In the movie Eat, Pray, Love, journalist Elizabeth Gilbert (played by Julia Roberts) visits an ashram in India. Sitting cross-legged on the floor of a mosquito-plagued room, the would-be seeker finds her head abuzz with distracting thoughts. After what seems an eternity, a tiny digital clock’s numerals flip, indicating that only 2 minutes have actually passed. She wryly exclaims, “Oh my God, kill me now!”

I used to see meditation that way. I felt like a dabbler, caught in a boring pastime whose purpose eluded me. Today, I view meditation as a pleasant sanctuary and a staple of spiritual survival.

Through daily meditation, we can connect with our guides, communicate with the Great Spirit, and attain realizations:

  • Connect with the Guides — Spirit helpers, guides and angelic messengers are right above our shoulders, ready to help with our requests. We can state our requests through prayer, or simply talk with them. In a meditative state, the ego is forced to stand aside temporarily, long enough to allow the guides to permeate our thoughts and answer us directly.
  • Communicate with the Great Spirit — By whatever name we call the Creative Intelligence that Drives the Universe — God, the Great Spirit, Great Holiness — we can talk to that Energy directly. People have written about Native ceremonies like the Sweatlodge or the Sundance, referring to the Medicine Man as an “intercessor,” without whose “intervention” we could not contact the spirits or receive visions. Both Cedric Red Feather and I, through our own individual experiences, have come to know that we do not need an intermediary to pray to God. Cedric calls this aspect of his spiritual teachings, “Eliminate the Middle Man.”
  • Attain realizations — Sometimes in meditation I remain lucid while in an ultra-relaxed state. Deep breathing helps get me there. I take three long, deep breaths, in which the in-breath and out-breath are of equal length. I sit in a comfortable chair and concentrate on an issue or question. Soon thereafter, I experience a kind of clairsentience. Resolution emerges in the form of clarity about what was perceived earlier as a problem. When you ask with a sincere heart and give the guides permission to help in advance, the compassionate ones will oblige with an answer.

Meditating regularly has other benefits. From the practice of inhaling and exhaling deeply to signal the start of meditation, I gain more conscious awareness of the breath. This carries over to my becoming conscious of the breath while sitting, walking or falling asleep. When my breathing changes, an auto-alert lets me know an adjustment is needed to allow continuation of the flow of oxygen and energy.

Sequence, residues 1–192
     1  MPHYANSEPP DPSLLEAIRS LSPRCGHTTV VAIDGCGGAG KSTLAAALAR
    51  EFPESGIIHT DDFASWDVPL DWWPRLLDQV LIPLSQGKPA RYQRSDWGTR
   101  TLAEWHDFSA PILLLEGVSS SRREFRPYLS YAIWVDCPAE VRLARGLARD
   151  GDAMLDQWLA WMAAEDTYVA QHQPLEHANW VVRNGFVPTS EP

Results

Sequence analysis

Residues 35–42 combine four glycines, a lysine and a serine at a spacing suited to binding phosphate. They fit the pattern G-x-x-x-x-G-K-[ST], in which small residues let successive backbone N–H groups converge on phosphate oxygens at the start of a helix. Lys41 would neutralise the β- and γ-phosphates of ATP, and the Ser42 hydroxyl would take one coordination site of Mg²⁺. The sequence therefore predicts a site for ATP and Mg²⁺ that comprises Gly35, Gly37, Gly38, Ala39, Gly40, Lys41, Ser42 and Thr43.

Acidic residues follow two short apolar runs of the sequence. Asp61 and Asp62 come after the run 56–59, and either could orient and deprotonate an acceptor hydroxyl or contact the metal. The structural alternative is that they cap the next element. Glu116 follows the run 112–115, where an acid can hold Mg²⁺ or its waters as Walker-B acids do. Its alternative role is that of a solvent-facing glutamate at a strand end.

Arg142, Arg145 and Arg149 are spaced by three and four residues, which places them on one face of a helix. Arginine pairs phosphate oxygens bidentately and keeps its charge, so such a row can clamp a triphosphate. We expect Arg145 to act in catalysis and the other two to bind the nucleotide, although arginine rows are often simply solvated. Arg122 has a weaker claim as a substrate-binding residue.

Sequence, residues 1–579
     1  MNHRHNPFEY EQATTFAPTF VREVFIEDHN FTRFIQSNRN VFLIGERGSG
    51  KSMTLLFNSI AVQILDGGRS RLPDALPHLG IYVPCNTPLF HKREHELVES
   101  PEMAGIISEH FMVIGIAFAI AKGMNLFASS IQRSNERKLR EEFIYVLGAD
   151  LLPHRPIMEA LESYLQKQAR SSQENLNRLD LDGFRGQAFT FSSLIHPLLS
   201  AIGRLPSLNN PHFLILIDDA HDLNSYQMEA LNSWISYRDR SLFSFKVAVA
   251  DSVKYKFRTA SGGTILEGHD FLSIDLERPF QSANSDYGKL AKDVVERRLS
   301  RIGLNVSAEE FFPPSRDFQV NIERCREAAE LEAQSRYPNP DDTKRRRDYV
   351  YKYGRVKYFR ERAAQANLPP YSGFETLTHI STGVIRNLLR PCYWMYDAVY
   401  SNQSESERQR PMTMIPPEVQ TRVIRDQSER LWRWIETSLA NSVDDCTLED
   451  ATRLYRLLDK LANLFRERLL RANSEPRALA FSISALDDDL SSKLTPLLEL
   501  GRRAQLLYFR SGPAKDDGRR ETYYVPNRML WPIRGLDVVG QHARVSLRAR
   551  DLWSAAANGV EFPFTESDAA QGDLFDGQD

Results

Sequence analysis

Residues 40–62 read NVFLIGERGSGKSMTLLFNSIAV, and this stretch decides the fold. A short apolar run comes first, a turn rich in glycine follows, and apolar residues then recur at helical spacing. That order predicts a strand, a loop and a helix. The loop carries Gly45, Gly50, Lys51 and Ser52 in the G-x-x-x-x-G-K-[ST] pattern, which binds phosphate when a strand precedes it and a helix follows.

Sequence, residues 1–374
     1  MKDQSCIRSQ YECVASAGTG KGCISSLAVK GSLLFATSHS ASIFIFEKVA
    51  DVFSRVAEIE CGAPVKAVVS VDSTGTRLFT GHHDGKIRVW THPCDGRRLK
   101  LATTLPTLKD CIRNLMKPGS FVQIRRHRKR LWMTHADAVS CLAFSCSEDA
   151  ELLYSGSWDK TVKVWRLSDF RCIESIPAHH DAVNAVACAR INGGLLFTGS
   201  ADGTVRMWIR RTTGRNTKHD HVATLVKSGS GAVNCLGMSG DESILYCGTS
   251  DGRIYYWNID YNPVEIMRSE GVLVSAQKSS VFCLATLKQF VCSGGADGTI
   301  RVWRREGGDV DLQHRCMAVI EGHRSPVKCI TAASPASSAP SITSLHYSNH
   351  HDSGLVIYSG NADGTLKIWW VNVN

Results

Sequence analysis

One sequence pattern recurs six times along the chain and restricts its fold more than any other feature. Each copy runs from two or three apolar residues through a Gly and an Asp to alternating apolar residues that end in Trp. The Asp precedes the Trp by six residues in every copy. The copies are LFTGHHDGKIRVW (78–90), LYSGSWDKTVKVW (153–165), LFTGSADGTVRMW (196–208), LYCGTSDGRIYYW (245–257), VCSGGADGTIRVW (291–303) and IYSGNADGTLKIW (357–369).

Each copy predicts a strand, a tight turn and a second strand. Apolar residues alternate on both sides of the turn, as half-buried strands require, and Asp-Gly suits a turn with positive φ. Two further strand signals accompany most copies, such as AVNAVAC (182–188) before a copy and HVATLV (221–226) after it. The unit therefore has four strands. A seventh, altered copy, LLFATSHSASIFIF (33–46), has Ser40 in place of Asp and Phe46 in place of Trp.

Another benefit is that the grandfathers, guides, spirit helpers and angels now seem closer to me in waking existence. I feel so much more open to listening and watching for signs and symbols. I’ve learned to pay attention to all that surrounds me. Messages appear amid the letters and numbers of license plates. Wind garners my attention by shifting its voice suddenly. Ravens and crows caw incessantly, compelling my attention.

Meditation renders the ordinary extraordinary. People in stores blurt remarks that seem to reveal hidden truths. Cedric has his own practice involving fortune cookies. He holds an unwrapped cookie in his hand. He then asks a specific question, pauses deliberatively, and opens the cookie — only to smile and read aloud some message that seems uniquely crafted to his concern. So it is that, through an expanded awareness of everyday signs, we enhance our connection with Spirit to a degree my dad would proudly decry, “From your mouth to God’s ear.”

Meditation opens chakras and channels. An alignment and rebalancing occurs effortlessly during deep meditation. This is because, from a state in which ego is derailed and distracted, we are able to align with the higher energies of love and light. A higher vibrational frequency attends the spinning wheels of our human energy centers.

Already, some schools are introducing elementary students to gentle meditation practice. Someday, perhaps, the practice will find favor with all layers of society; and at that time, we may experience facilitation of the public’s journey toward highest enlightenment.

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Janet Michele Red Feather
Janet Michele Red Feather, J.D., M.A., is a ceremonial singer who has learned over 60 traditional songs in Mandan and Lakota and sings in nine different languages. Janet was a full-time defense litigator in California for nearly eight years. Her life changed significantly after she traveled to North Dakota in 1993 to fast and pray for a way of life. A regular columnist for The Edge, she has also appeared in Psychic Guidepost, FATE Magazine and Species Link. Her book, Song of the Wind (2014, Galde Press), dealt with her experiences as an empath, and her journey through Mandan spiritual culture. She is currently a full-time, tenured English faculty member at Normandale Community College, having taught Composition and Literature for a span of 20 years.

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